Browsing General Policy Briefs by Issue Date
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- ItemUganda’s agricultural sector at crossroads(Economic Policy Research Centre, 2017-07) Mwesigye, Francis; Sserunjogi, Bian; Mbowa, SwaibuUganda’s agricultural growth has stagnated at about 2 percent for almost two decades yet the sector employs about 70% of the working population and contributes 40 percent of export earnings. On the other hand, Uganda’s population growth rate remains very high, above 3 percent per annum, signaling the likelihood of food insecurity and increase in poverty incidence. It is thus clear that the current state of agriculture cannot support the country’s target of attaining the lower-middle income status by 2020. A number of policies, programs and interventions have been implemented with no success in transforming the sector. These include: Structural Adjustment Programmes, Economic Recovery Program, Poverty Action Eradication Plan, and Plan for Modernization of Agriculture, among others. Indeed, the sector is at crossroads because while it is clear of what needs to be done to transform the sector, the current institutional set up seems weak and uncoordinated to effectively implement the required transformative interventions. Approaches that enhance institutional coordination, promote agricultural research and strengthen extension service provision would aid in revamping agricultural performance.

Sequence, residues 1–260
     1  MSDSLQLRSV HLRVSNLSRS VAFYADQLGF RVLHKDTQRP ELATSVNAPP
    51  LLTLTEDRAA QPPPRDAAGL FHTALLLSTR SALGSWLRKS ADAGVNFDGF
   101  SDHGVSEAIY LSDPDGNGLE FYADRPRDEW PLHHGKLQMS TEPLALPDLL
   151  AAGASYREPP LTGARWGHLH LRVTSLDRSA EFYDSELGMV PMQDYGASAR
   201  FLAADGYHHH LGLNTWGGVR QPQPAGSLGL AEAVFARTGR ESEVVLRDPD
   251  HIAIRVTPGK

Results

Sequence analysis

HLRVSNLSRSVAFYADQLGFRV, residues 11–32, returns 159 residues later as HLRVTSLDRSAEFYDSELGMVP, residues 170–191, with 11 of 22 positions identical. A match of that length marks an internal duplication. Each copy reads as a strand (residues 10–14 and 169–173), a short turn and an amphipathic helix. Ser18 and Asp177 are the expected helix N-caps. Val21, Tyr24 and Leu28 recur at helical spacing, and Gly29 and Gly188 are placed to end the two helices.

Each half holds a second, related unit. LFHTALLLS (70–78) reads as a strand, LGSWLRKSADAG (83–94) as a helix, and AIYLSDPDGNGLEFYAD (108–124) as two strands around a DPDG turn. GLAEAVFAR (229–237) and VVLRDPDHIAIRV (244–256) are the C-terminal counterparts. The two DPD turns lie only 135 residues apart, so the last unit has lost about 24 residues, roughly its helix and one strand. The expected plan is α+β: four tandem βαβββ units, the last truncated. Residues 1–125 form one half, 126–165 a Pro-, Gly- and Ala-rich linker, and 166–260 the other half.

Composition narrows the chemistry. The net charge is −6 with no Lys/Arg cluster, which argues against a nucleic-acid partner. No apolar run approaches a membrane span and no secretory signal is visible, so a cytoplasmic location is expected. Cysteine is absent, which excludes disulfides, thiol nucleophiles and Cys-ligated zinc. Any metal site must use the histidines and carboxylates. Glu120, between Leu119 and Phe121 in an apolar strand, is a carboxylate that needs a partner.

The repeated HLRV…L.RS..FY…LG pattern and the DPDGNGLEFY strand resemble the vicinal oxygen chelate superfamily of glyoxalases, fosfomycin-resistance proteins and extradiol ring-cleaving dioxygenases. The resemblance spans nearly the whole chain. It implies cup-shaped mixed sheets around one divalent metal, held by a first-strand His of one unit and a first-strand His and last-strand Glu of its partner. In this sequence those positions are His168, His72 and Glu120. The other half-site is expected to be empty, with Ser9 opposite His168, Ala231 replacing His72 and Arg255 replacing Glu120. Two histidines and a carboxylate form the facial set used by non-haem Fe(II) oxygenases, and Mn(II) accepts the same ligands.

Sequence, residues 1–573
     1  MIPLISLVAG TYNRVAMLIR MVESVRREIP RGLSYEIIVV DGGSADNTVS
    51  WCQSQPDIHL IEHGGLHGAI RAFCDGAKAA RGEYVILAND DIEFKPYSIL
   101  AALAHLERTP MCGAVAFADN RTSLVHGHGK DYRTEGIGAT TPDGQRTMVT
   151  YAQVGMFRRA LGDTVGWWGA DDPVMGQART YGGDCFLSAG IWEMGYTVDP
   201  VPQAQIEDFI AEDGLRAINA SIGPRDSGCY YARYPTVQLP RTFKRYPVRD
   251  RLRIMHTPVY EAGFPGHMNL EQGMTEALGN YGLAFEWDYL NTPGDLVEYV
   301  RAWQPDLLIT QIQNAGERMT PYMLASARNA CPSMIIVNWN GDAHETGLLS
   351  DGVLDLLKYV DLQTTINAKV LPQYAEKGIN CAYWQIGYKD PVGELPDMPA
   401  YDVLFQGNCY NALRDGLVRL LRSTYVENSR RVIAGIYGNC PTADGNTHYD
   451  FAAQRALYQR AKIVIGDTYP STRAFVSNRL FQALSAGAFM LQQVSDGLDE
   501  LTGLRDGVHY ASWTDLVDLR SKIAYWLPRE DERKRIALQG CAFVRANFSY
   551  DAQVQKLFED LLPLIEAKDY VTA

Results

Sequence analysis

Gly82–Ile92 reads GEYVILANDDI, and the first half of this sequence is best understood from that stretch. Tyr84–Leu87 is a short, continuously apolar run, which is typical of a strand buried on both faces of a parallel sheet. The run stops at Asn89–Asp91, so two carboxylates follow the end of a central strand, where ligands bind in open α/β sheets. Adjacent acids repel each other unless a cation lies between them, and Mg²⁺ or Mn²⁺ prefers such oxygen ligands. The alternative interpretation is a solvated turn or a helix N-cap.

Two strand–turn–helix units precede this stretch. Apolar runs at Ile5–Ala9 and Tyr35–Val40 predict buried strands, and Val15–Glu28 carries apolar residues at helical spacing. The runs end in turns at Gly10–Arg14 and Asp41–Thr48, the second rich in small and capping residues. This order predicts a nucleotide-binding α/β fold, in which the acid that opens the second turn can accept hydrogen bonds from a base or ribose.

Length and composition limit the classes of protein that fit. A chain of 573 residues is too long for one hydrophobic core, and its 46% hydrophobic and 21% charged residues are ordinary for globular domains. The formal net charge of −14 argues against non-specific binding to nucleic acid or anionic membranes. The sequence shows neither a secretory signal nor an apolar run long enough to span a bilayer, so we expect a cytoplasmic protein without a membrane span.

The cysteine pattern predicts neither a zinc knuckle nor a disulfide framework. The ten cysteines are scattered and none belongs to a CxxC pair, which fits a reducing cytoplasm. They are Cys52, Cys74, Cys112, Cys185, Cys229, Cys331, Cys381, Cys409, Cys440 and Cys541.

- ItemInnovating doctoral education and training in Uganda for research and development(Makerere University, 2021-12) Etomaru, Irene; Bakkabulindi, Fred E.K; Balojja, Tom. DUganda aspires to progress towards achieving middle-income status by 2040 as expressed in Uganda Vision 2040 (Government of Uganda, 2013). To attain the middle-income status and improved competitive advantage in the global knowledge-based economy, Uganda needs a strong research and innovation system. This cannot be realised without a critical mass of doctorates/researchers who can train innovative researchers, undertake translatable research and generate innovations. Although the most current figures are not readily available, there is acute shortage of a critical mass of doctorates/researchers in Uganda. There were only about 37 researchers per million inhabitants in Uganda by 2010, and only 26 by 2014, well below the world average of 1,083 (UNESCO, 2015). Yet, doctoral education and training capacity in both public and private universities/institutions in Uganda is very low. Only about 1,197 PhDs have been awarded in Uganda between 1970-2020. Without a critical mass of doctorates, creation of a knowledge based-economy in Uganda as expressed in NPD111(GoU, 2020) cannot be achieved by 2040. This brief provides policy direction and practical actions necessary for innovating doctoral education and training in order to create a strong research and innovation system in Uganda.